Michael Pento-Market Losing Faith in Value of the Dollar
Bill Gross: 'Helicopter Money' Is Coming
Get your butterfly nets ready. The next big monetary and fiscal policy move should include an airdrop of “money from helicopters” to stimulate the U.S. economy and avoid an extended recession, says Bill Gross, a portfolio manager at Janus Capital Group Inc.
Gross may not be entirely serious about “helicopter money,” but in his latest Investment Outlook note published Wednesday, he said the Federal Reserve and U.S. Treasury should engage in another round of quantitative easing (QE), printing trillions of dollars to buy government bonds and thereby boost the economy.
“Drop the money from helicopters,” wrote Gross, manager of the $1.3 billion Janus Global Unconstrained Bond fund. “There is a rude end to flying helicopters, but the alternative is an immediate visit to austerity rehab and an extended recession. I suspect politicians and central bankers will choose to fly, instead of die.”
“Helicopter money” is an idea made popular by the American economist Milton Friedman in 1969, when he suggested that dropping money out of helicopters for citizens to pick up was a sure way to restart the economy and effectively fight deflation. Gross noted that the Federal Reserve, the European Central Bank, Bank of Japan, and the Bank of England have effectively bought bonds from their governments for six years and allowed them to spend money to support their sagging economies.
Peter Schiff: How Trump Can Make America Great Again
Donald Trump’s critics have heaped scorn on his calls for protective tariffs to deal with America’s widening trade imbalance and the resulting loss of higher–paying blue color jobs. Some have accused him of trying to turn back the clock in pursuit of a cheap populist ploy and have said that he simply refuses to acknowledge that America is now an information and service economy for which large trade deficits are the new normal. But voters are sensing that The Donald is right to sound alarm bells, and that something radical needs to be done to revive manufacturing to make America great again. But his tariff solution is hardly the best medicine. To be honest, given the even worse solutions that are being offered by the left, Trump’s instincts may be preferable.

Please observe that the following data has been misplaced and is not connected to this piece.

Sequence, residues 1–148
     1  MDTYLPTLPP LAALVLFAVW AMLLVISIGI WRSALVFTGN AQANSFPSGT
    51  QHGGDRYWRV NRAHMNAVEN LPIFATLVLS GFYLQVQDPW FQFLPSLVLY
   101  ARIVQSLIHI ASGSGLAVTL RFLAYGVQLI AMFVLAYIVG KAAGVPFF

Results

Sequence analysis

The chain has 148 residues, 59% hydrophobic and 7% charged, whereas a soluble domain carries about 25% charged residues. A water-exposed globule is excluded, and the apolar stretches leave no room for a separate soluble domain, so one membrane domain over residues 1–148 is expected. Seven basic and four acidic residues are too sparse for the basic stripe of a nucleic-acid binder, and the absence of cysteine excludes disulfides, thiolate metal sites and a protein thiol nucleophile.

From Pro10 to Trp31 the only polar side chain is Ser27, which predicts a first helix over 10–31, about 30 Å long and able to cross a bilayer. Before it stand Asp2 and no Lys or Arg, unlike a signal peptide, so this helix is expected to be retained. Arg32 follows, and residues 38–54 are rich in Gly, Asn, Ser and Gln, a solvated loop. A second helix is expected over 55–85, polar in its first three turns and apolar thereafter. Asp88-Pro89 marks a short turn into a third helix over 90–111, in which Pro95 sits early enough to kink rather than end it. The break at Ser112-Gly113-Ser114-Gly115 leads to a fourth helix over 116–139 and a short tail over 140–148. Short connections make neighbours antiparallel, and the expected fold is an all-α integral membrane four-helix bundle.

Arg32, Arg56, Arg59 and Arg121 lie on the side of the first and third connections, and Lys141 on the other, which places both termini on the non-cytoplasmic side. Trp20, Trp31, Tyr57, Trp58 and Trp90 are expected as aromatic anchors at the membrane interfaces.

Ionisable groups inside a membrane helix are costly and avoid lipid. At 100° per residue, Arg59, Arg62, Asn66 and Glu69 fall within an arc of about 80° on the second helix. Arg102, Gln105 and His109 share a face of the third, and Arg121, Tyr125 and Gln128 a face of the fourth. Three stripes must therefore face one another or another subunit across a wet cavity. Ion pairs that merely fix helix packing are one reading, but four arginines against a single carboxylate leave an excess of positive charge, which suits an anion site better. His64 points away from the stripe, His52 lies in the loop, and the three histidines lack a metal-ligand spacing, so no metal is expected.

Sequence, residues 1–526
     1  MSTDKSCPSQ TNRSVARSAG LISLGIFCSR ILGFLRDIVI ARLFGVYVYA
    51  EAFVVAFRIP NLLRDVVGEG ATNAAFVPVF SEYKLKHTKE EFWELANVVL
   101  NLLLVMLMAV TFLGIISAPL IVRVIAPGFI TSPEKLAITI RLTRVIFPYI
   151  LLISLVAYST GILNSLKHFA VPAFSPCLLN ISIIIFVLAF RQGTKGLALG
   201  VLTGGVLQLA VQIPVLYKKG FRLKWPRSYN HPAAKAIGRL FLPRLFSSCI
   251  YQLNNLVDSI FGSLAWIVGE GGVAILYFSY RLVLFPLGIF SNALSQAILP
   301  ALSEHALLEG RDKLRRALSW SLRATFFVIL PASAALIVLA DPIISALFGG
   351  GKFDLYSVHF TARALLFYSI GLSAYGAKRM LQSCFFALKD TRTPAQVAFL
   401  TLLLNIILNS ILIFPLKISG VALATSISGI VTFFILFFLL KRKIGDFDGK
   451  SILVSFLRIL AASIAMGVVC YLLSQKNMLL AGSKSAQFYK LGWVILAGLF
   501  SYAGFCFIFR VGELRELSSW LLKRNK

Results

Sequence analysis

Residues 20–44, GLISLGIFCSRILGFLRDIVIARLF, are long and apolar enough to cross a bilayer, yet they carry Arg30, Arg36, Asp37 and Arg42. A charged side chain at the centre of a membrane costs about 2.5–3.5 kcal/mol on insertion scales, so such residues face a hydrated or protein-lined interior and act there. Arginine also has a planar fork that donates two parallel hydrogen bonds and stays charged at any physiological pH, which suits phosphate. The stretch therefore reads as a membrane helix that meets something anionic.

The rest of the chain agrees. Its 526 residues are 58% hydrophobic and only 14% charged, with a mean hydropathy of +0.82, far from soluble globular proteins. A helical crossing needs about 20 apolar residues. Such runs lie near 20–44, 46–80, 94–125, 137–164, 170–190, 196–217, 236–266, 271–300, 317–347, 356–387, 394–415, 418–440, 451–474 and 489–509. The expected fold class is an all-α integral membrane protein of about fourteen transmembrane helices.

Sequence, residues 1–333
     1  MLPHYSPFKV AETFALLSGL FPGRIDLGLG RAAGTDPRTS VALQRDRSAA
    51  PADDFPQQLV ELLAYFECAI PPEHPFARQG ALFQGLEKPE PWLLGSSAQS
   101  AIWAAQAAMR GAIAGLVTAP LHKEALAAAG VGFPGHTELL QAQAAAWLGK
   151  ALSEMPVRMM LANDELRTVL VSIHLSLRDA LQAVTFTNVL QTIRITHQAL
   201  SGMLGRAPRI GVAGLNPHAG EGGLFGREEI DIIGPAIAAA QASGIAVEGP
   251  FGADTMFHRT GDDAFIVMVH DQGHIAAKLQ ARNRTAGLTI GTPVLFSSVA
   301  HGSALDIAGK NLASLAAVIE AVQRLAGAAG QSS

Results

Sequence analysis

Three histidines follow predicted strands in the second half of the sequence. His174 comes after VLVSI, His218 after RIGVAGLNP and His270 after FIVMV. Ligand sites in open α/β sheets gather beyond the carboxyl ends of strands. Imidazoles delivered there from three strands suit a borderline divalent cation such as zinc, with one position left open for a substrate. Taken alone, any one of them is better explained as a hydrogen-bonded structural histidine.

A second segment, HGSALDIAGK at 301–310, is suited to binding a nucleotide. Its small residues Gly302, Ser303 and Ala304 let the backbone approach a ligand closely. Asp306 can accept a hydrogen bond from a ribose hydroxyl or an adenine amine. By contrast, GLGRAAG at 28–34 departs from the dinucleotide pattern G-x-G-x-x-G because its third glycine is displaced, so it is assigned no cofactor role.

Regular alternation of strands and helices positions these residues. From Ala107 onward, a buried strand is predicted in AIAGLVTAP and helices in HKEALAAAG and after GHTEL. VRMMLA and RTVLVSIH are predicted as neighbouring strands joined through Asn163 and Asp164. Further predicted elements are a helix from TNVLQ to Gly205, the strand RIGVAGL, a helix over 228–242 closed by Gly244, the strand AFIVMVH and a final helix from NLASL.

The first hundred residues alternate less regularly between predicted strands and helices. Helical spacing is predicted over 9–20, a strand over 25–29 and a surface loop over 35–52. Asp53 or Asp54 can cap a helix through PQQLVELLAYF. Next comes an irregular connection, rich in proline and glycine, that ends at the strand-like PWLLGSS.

Ironically, in the late 19th and early 20th Centuries, the elimination of tariffs was a populist issue. A little more than a century later, the polls have reversed completely. Prior to the introduction of the income tax in 1913, tariffs were the Federal Government’s principal source of revenue. During the long and contentious campaign to enact the 16th Amendment (which allowed the government to tax incomes for the first time since the emergency Civil War-era 3% to 10% income tax), proponents argued that the passage of a “soak the rich” income tax would allow the government to repeal the tariffs and thereby transfer the tax burden from the working class, who paid the tariffs through higher prices on imports, to the ultra-wealthy, who were the sole target of the income tax as it was originally conceived, packaged and sold.
(The tax originally imposed rates from 1% to 7%, and only applied to fewer than 1% of Americans. The 99% supported its enactment solely because they believed they were getting something for nothing, in this case, government services paid for by the rich. In fact, in 1895, when the Supreme Court bravely declared the government’s first attempt to replace tariffs with an income tax unconstitutional, the justices were personally vilified as defenders of the rich.)
But once the Federal Government got its foot in the door, it rapidly raised the tax rates and expanded the base of taxpayers, ultimately subjecting the middle class to rates far higher than anything originally contemplated for the Rockefellers, Carnegies, or Vanderbilts. If this does not provide a sterling example to the legions of Democrats “Feeling the Bern” of how class warfare can backfire on the class waging the war, I don’t know what does. Ironically, no single tax has done more harm to the middle class than the income tax.
90% Of American Households Have Lower Real Net Worth Today Than In 1970s
Today we will focus on a recent study from the Levy Economics Institute which found that 90% of Americans were worse off financially in 2015 than at any time since the early 1970s. Furthermore, for the vast majority of Americans, the nation’s economy is in a prolonged period of stagnation, worse even than that of Japan.